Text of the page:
Lamenting The High Cost Of Broadband

Is bandwidth similar to oil? Yes, in one important respect, says Tim Wu, a professor at Columbia Law.

"Production is controlled by a tiny cartel that sets prices high and keeps them there," Wu said today at a press conference about broadband access at the Personal Democracy Forum.

The analogy impressed fellow speaker Vinc Cerf, widely credited as the father of the Internet. "Wow. That's cool, Tim," he responded.

Both were speaking at the launch of Internetfor, a Web site that aims "to make universal, affordable high-speed Internet access a national priority." The event was organized by Internet access advocacy group Free Press.

Joining Wu and Cerf on stage was FCC Commissioner Jonathan Adelstein, who lamented what he called eight years of failed broadband policy. "It's clear that what we are doing in Washington isn't working," Adelstein said.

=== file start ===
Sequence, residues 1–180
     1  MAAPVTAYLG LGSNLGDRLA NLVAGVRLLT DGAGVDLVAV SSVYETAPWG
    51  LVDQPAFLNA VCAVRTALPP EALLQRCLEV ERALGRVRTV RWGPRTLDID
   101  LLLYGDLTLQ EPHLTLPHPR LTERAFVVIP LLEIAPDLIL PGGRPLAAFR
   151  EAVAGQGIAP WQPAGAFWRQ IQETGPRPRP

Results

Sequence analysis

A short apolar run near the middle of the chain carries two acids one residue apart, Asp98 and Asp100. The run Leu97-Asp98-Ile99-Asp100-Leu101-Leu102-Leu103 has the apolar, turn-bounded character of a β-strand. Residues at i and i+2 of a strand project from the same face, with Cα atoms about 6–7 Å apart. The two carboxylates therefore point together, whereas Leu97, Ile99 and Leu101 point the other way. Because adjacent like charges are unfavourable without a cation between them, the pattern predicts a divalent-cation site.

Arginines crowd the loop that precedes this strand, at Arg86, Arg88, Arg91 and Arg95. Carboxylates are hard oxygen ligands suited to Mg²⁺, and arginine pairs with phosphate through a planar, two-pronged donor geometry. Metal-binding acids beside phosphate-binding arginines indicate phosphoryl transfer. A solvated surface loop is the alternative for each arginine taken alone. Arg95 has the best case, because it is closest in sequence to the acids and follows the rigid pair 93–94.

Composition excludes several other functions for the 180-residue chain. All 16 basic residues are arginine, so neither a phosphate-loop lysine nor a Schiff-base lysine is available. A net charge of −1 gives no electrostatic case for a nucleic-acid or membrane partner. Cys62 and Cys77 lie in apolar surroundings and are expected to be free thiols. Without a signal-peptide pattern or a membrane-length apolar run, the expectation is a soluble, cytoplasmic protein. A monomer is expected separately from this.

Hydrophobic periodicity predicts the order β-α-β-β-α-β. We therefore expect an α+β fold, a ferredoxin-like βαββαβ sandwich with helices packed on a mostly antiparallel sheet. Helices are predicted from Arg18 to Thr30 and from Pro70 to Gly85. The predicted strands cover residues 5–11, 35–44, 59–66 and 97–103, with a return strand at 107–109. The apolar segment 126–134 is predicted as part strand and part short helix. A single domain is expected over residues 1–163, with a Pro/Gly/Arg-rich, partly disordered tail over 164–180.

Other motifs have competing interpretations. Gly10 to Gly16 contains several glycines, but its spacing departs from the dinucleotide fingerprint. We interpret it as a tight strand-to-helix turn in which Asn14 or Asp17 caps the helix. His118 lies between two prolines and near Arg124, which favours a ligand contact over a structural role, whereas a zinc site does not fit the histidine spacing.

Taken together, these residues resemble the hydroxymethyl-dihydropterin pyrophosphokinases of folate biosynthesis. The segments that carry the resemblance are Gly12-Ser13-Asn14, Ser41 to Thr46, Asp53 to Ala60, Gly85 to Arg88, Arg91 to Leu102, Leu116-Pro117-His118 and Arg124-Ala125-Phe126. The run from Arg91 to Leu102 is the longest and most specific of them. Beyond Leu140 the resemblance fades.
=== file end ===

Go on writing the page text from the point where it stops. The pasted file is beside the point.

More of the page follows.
Josh Silver, executive director of Free Press, offered some discouraging statistics. Only around 50% of American households have high-speed Web service, while 10 million rural Americans have no access to broadband.

Other speakers included Michael Winship, president of the Writers Guild of America-East, and Brad Burnham, a partner in Union Square Ventures.

Speaker after speaker decried the sorry state of broadband availability in the U.S. but without discussing any concrete proposals. In fact, during the Q&A, one of the journalists present, Wired's newly hired Steven Levy, asked how broadband was supposed to improve when no one was suggesting any specific reforms.

But at least some of the speakers indicated that reform needs to begin with a change in expectations. Wu pointed out that between mobile service and Internet connections, some households are spending as much on bandwidth as on energy -- yet precipitating little of the same complaints about cost. "We've just accepted that bandwidth is something that American families will spend hundreds of dollars on a month," he said.

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